THE MARK OF KRIMINAL (Fernando Cerchio and, uncredited, Nando Cicero, 1968) **1/2
Second and last entry in the “Kriminal” series – good-looking, light-weight Italian capers with an exotic touch originating from a comic strip. Whereas the first film concerned a string of diamond robberies (from what I’m able to recollect), this involves the search for a couple of missing paintings by world-renowned artists – the map of the location in question is hidden inside four identical statues of a Buddha. As in KRIMINAL (1966), the quest sends our anti-hero globe-trotting – London (his escape from an Istanbul prison, where his initial adventure had concluded, having occurred off-screen), Spain and, then, across the sea to the desert of Lebanon (the Goya and Rembrandt works are kept in an ancient tomb!).
Having re-read my review of the original in preparation for this one, back then I had found Glenn Saxson “a wooden lead”; however, I think he has grown nicely into the part – ably demonstrating the character’s resourcefulness (fleecing insurance companies, nonchalantly disposing of his double-crossing female partner, posing as a messenger to present his arch-nemesis with a booby-trap wedding gift[!] and an erudite gentleman on the ship in order to frame a naïve fellow passenger for his crimes: in this respect, the script often utilizes the trademark skeletal costume to throw his pursuers’ scent off Kriminal’s trail…apart from the expected scaring of gullible victims), wit and magnetism. The wonderful theme from the original (by Raymond Full) is reprised here, which blends quite well with the new score from Manuel Parada; also returning from the first film are luscious “Euro-Cult” starlet Helga Line' (albeit in a different role – a femme fatale who’s a rival to the titular figure for the priceless paintings) and Andrea Bosic as the Scotland Yard officer still after Kriminal. Here, too, are the occasional delightful transitions to animation taken straight from the comics; I’ve never come across the latter – but I guess this goes to show how the live-action version was a faithful rendition of the original.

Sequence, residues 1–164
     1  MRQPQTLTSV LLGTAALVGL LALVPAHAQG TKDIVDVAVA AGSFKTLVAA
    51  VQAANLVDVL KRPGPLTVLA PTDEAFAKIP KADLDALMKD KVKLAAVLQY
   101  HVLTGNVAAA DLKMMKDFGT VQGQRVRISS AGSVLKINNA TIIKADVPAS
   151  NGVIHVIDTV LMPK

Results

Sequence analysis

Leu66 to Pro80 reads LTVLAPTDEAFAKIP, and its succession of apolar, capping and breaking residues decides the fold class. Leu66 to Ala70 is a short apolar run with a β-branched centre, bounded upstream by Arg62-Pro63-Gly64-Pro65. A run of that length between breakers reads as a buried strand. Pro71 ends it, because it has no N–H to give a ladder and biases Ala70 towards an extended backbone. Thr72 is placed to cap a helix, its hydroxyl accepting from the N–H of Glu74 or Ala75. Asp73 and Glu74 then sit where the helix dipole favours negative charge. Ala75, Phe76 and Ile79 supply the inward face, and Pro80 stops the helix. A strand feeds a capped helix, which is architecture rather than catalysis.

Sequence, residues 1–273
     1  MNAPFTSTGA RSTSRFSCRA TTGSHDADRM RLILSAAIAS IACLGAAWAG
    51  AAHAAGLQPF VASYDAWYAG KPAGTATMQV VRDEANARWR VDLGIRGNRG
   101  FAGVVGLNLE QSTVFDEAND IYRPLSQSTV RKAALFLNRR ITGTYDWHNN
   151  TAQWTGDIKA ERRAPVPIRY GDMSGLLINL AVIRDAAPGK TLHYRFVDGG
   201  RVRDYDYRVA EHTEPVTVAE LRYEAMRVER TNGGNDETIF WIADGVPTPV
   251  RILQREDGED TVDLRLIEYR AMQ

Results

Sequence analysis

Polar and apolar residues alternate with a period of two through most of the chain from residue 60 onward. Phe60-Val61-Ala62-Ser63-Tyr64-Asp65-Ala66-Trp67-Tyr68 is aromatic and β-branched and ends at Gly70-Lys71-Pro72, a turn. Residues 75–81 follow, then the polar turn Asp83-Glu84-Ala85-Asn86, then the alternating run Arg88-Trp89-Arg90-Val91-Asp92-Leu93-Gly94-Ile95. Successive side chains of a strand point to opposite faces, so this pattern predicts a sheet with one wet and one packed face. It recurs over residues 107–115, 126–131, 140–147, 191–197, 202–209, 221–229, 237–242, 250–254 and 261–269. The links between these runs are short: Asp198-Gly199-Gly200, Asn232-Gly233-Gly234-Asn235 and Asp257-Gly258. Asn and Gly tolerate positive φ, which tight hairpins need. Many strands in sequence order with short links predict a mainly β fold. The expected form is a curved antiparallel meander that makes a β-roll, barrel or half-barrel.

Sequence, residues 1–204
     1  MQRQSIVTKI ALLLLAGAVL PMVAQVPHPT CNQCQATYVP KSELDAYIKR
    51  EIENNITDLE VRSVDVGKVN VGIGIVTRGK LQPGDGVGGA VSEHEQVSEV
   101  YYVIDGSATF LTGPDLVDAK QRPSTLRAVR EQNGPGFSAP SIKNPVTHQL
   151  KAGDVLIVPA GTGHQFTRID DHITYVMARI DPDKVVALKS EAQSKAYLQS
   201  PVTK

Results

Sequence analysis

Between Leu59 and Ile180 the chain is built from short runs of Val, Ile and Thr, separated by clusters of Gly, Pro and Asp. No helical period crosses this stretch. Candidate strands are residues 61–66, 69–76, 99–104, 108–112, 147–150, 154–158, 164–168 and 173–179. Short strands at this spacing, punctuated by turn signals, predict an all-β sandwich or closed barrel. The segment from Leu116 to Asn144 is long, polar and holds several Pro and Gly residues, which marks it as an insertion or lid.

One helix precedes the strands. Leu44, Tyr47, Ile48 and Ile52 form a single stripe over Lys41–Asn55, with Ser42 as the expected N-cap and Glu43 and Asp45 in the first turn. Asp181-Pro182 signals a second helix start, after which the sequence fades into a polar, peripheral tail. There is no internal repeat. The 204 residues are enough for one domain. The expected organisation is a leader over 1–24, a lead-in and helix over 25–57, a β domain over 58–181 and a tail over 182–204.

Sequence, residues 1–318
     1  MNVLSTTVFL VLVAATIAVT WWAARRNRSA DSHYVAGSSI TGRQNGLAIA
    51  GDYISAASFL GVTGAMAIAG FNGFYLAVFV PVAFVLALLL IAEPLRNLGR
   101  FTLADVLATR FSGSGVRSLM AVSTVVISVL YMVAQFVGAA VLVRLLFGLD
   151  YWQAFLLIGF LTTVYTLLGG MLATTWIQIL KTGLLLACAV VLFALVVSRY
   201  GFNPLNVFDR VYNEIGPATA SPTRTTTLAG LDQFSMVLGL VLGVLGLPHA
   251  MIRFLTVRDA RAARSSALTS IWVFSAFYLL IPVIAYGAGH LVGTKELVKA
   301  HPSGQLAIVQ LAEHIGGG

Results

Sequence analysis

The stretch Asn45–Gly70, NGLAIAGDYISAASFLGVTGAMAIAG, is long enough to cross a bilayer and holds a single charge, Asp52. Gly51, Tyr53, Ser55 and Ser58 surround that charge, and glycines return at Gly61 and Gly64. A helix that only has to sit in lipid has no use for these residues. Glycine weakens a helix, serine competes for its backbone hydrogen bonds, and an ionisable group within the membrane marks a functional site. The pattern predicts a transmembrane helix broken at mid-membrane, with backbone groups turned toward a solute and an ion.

While I don’t recall the first film enough to objectively judge how much of a lesser achievement the sequel actually is (I’m prepared to give the Umberto Lenzi film the benefit of the doubt, though I’m certain of its own rather middling qualities when stacked up against the definitive Pop Art-tinged Master Criminal film of the era – Mario Bava’s DANGER: DIABOLIK ), it’s a superficial but effortlessly fun ride. If I had to put in one discernible criticism, I’d say that the desert climax is a bit long-drawn out…except that it leads directly to the surreal fade-out gag. By the way, at least one source mentions the uncredited contribution of director Nando Cicero in connection with the film; also my DivX copy froze a couple of times during playback on my compatible player but went by smoothly on my DVD-ROM. I think yet another DivX-to-DVD-R conversion is in order here...
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